July 17, 2018

Should You Get A Status Certificate?

With the current situation of house prices in the Toronto area, chances are first time buyers (and those of us downsizing) will be looking at purchasing a condo.  What is a Status Certificate.

Purchasing a condo or condo townhouse is very different from purchasing a detached home.  All condo buyers should be aware the unit’s status certificate as it provides important details about the unit you are interested in, as well as the condo corporation as a whole.  I strongly suggest you make your purchase conditional on a review of the status certificate.

Sometimes the seller will offer to provide you with a version of the status certificate that they previously obtained. But the certificate’s information could be out of date, and inaccurate.

Some questions about condos and the answers a status certificate will provide:

  • What’s in the condominium’s declaration, bylaws and rules? Often condos have rules regarding pet ownership, noise, balcony furniture, decorations, and even curtains and flooring material. Make sure you’re comfortable with these rules.
  • What kind of fees can I expect to pay?  What are your monthly fees for maintenance, landscaping, utilities in common areas, and other upkeep.  As well, are there special assessments that owners are still paying into.
  • Is the seller up to date on their fees?  If the seller is in arrears on their monthly fees, it’s the new owner’s responsibility to catch up the arrears, so find out beforehand.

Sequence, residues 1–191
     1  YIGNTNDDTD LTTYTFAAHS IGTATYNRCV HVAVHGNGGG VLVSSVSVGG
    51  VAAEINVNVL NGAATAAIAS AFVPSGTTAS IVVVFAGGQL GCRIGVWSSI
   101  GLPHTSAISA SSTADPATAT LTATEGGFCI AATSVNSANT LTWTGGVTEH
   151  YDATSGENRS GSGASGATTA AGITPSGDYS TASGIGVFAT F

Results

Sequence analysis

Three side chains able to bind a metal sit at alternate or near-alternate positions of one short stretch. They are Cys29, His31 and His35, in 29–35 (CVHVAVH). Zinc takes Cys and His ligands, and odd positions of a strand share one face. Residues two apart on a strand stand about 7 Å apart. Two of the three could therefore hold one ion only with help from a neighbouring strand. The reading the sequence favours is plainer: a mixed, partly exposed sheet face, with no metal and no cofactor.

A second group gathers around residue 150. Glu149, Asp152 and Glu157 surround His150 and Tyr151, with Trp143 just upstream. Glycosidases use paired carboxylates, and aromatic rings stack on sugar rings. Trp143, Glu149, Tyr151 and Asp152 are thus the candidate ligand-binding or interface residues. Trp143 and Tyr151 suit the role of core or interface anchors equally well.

• What’s the financial status of the condo corporation?  Is there enough money in the reserve fund to cover future repairs? If the reserve fund isn’t large enough, you could end up facing a sudden hike in your condo fees or paying a special assessment.  Read this info carefully.  I left it for my lawyer to investigate only to find out the reserve fund had minimal deposits
  • Will I have full ownership of the included parking space or locker?  Will you personally own the space, or is it a common element that the condo corporation owns, and assigns to you. Be sure to confirm, with your lawyer, that the declaration documents match with the purchase and sale agreement in details such as the unit number, parking space number and locker number.

And what if the status certificate reveals something that gives you pause? If you make your offer conditional upon its review, you should be able to walk away from the deal.

Colleen Saunders is a 20 year veteran in the mortgage industry, serving Mississauga, Burlington, Oakville and Toronto and offering all mortgage related services such as 2nd mortgages, private mortgages and more.

To contact Colleen, please fill out the form on  www.mortgagesbycolleen.ca  or call 416-459-2406